Edith likes to gossip, a lot. Some girls are incorrigible flirts, she says, some boys big babies. Still she mentions in a letter to sister Marion earlier in April that "It was a bitter blow when the dear boy left." I don't know whether she is being sarcastic or not about a boyfriend. Of course, she loses her great love in a fire two years later. His name is Charlie Gagne and I believe she is talking about him here.
OK. Down to work. I have the opening. Sunny spring afternoon in Richmond, Quebec 1908. 15 year old Flora Nicholson is curled up on a garden chair (wicker, Eaton's catalogue purchase)on the porch, at Tighsolas, pencilling away at a 'composition exercise' about Canadian values. Her mother Margaret is inside in the kitchen preparing to go to La Tuque where her husband Norman works at 'end of steel' on the Transcontinental Railway. Norman has advised Margaret in a letter to tuck her money into her corset as there are pickpockets on the trains. I'll have her sewing in a special pocket as she is a crack seamstress......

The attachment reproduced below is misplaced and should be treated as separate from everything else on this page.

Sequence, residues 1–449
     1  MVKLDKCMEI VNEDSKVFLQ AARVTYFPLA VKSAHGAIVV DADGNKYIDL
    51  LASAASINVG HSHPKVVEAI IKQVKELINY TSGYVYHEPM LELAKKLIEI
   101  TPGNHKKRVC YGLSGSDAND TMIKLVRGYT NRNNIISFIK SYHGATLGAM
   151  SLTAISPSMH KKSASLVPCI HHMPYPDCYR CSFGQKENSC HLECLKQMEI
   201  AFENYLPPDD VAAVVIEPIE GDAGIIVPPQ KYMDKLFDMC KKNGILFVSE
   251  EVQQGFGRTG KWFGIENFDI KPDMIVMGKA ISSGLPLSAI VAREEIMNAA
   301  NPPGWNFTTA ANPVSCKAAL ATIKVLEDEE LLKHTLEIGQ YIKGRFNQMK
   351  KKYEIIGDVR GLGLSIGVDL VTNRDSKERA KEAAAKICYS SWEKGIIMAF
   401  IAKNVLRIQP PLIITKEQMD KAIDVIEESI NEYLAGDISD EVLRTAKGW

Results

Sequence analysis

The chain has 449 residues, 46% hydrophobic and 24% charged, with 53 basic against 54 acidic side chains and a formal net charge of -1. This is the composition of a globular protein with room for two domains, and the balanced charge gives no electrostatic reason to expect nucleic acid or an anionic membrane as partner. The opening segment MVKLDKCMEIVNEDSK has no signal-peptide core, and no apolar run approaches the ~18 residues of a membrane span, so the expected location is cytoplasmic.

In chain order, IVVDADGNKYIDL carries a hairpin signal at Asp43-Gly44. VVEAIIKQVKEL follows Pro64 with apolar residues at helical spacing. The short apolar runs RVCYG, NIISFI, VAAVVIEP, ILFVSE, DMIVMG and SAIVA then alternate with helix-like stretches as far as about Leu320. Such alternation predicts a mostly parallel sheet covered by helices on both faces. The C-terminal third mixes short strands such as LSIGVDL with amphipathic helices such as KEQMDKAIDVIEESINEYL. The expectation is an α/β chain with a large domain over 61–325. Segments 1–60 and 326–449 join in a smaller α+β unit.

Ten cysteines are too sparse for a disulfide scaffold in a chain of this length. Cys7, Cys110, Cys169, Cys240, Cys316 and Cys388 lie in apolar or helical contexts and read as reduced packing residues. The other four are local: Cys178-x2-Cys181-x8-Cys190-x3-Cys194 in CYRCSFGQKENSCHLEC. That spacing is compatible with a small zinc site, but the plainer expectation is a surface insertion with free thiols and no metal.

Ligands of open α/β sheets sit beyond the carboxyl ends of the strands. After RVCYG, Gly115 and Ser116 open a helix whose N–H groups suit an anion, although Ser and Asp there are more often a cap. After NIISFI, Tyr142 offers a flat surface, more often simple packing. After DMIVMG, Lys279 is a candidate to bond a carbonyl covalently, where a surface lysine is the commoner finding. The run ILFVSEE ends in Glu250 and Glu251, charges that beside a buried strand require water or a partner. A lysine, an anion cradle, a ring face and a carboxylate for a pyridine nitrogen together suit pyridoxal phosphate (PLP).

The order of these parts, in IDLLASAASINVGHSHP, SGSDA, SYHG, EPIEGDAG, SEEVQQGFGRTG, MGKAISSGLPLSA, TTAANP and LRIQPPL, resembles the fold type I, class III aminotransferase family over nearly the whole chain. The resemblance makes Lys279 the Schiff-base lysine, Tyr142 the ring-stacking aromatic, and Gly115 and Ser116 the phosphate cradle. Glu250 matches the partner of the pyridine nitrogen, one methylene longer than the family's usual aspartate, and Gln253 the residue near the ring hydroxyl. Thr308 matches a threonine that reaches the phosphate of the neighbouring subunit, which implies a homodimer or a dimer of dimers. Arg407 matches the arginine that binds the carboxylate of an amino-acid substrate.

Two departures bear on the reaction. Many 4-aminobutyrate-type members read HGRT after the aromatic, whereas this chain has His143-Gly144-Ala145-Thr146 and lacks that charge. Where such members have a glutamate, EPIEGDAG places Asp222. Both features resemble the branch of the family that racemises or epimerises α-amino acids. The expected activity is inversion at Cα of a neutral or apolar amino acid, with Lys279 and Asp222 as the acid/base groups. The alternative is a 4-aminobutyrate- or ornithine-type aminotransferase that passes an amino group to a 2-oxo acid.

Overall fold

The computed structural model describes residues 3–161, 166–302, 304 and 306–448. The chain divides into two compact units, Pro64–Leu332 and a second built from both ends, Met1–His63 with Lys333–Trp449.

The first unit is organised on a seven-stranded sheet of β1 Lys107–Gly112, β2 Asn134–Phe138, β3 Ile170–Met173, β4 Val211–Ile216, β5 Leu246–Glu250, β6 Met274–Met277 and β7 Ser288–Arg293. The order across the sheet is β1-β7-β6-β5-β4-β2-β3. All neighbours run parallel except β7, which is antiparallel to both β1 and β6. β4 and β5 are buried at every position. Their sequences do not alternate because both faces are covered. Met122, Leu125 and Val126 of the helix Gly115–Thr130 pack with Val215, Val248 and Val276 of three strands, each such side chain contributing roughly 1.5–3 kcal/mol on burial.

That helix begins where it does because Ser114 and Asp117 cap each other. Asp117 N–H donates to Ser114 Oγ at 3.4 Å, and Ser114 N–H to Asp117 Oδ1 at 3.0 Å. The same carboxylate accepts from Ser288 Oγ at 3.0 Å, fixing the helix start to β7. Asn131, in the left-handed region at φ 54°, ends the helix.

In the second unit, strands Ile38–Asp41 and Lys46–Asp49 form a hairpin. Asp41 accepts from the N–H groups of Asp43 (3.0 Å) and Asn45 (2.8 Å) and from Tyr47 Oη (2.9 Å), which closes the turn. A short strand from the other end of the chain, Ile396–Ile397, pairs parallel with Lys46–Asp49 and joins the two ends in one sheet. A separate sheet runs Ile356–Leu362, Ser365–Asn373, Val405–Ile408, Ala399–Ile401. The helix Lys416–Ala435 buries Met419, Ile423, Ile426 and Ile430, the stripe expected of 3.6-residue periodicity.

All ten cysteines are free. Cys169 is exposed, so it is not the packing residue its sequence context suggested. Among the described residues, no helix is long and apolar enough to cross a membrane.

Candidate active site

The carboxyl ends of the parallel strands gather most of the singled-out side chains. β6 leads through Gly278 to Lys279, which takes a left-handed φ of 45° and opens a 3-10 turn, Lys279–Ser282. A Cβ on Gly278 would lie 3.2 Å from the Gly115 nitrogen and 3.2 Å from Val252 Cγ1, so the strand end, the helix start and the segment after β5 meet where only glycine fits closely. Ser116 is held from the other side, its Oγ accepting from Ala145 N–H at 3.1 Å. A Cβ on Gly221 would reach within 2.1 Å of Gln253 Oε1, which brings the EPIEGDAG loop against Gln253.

Tuesday, November 17, 2009
Where 19 year old Flora Nicholson learns about the Child Labour Problem and the relation it has to her love of clothing.
I thought I might do it in a blog. Why not?
It might prove excellent motivation and a platform for thinking things out.
When I first stumbled upon the Nicholson letters, I was overwhelmed. I did not quite know what to do with them.
When I approached a literary agent, he told me letters were boring but he'd like to work with me on something else.
They just needed to be worked upon. A formula had to be found.
The expert in Canadian Family history said the letters on the website were rare and worthy of being compiled in a scholarly book. The material on my website was all I needed.
I didn't do it. I knew I had to write something more accessible and for young people.
Many visitors are obviously students.The most popular pages are fashion, transportation, cost of living, suffrage, and entertainment.It is rare that visitors read the letters. But it happens.
The School of Education at McGill has used the story of the Nicholsons as a preparation for when the teachers go on their work stages. They like Flo's story, as she 'is an ordinary student.'
Today, inspired by the book Nella Last's War, created from a diary and the Writing the Century series of BBC Radio Four, a historical program assembled from diaries and letters, I have decided to write this book.